Understanding of neurogenetic

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Oct 8, 2009, 5:18:54 AM10/8/09
Neurogenetic; Study data from J. Orendacova and colleagues update
understanding of neurogenetic

2009 OCT 7 - (NewsRx.com) -- According to a study from Kosice, Slovakia,
"It is well established that strong electromagnetic fields (EMFs) can
give rise to acute health effects, such as burns, which can be
effectively prevented by respecting exposure guidelines and regulations."

"Current concerns are instead directed toward the possibility that
long-term exposure to weak EMF might have detrimental health effects due
to some biological mechanism, to date unknown. (1) The possible risk due
to pulsed EMF at frequency 2.45 GHz and mean power density 2.8 mW/cm(2)
on rat postnatal neurogenesis was studied in relation to the animal's
age, duration of the exposure dose, and post-irradiation survival. (2)
Proliferating cells marker, BrdU, was used to map age- and dose-related
immunohistochemical changes within the rostral migratory stream (RMS)
after whole-body exposure of newborn (P7) and senescent (24 months)
rats. (3) Two dose-related exposure patterns were performed to clarify
the cumulative effect of EMF: short-term exposure dose, 2 days
irradiation (4 h/day), versus long-term exposure dose, 3 days
irradiation (8 h/day), both followed by acute (24 h) and chronic (1-4
weeks) post-irradiation survival. (4) We found that the EMF
induces significant age- and dose-dependent changes in proliferating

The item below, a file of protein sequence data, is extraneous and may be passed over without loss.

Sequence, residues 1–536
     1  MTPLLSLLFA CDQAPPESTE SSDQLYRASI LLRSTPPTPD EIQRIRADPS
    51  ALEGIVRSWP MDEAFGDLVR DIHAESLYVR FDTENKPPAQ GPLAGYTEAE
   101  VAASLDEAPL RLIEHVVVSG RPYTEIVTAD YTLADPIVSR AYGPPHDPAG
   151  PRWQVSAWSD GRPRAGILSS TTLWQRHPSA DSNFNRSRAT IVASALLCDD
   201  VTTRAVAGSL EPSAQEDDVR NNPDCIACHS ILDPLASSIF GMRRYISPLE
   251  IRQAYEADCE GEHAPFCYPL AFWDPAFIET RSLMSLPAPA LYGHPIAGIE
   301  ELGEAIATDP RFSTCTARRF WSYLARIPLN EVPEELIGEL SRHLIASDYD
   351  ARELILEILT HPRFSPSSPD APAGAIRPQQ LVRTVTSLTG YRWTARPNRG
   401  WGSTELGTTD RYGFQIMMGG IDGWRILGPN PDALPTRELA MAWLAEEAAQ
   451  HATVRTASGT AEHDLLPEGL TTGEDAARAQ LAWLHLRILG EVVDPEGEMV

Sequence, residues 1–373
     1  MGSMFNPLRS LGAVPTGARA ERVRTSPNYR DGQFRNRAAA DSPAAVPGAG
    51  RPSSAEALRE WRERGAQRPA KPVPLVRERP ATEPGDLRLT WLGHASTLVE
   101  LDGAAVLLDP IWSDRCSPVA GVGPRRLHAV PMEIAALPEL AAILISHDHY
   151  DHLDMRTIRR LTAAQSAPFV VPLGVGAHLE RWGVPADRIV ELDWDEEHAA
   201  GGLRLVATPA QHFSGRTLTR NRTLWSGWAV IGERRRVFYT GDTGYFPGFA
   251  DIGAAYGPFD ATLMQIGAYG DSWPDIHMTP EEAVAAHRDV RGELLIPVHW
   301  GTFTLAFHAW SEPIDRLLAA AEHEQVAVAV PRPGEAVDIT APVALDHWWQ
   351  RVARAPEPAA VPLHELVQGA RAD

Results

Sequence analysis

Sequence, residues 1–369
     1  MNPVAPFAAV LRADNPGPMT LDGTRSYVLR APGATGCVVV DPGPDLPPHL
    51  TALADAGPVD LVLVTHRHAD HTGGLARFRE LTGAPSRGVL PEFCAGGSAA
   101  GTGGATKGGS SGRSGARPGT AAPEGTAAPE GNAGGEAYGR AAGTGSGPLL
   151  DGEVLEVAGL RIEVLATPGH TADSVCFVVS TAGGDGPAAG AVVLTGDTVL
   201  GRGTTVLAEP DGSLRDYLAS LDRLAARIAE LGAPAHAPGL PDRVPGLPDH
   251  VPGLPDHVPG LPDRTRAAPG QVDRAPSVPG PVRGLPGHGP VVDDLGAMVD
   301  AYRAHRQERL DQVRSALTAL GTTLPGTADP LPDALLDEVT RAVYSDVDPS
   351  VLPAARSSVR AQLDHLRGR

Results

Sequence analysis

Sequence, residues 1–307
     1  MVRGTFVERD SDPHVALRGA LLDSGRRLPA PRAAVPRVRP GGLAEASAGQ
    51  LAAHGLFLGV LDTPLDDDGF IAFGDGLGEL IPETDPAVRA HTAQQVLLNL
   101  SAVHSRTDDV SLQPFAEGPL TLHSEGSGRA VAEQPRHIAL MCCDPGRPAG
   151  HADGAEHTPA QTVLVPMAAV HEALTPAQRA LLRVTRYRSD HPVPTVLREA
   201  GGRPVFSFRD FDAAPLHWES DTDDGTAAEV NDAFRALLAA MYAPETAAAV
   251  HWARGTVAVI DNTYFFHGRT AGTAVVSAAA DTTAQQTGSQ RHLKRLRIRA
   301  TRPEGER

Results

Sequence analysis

cell numbers within the RMS," wrote J. Orendacova and colleagues.

The researchers concluded: "Our results indicate that the concerns about
the possible risk of EMF generated in connection with production,
transmission, distribution, and the use of electrical equipment and
communication sets are justified at least with regard to early postnatal

Orendacova and colleagues published the results of their research in
Cellular and Molecular Neurobiology (Immunohistochemical Study of
Postnatal Neurogenesis After Whole-body Exposure to Electromagnetic
Fields: Evaluation of Age- and Dose-Related Changes in Rats. Cellular
and Molecular Neurobiology, 2009;29(6-7):981-990).

For additional information, contact J. Orendacova, Slovak Academy
Science, Institute Neurobiology, Center Excellence, Soltesovej 4, Kosice
04001, Slovakia.

The publisher of the journal Cellular and Molecular Neurobiology can be
contacted at: Springer, Plenum Publishers, 233 Spring St., New York, NY
10013, USA.

From Mast Sanity/Mast Network

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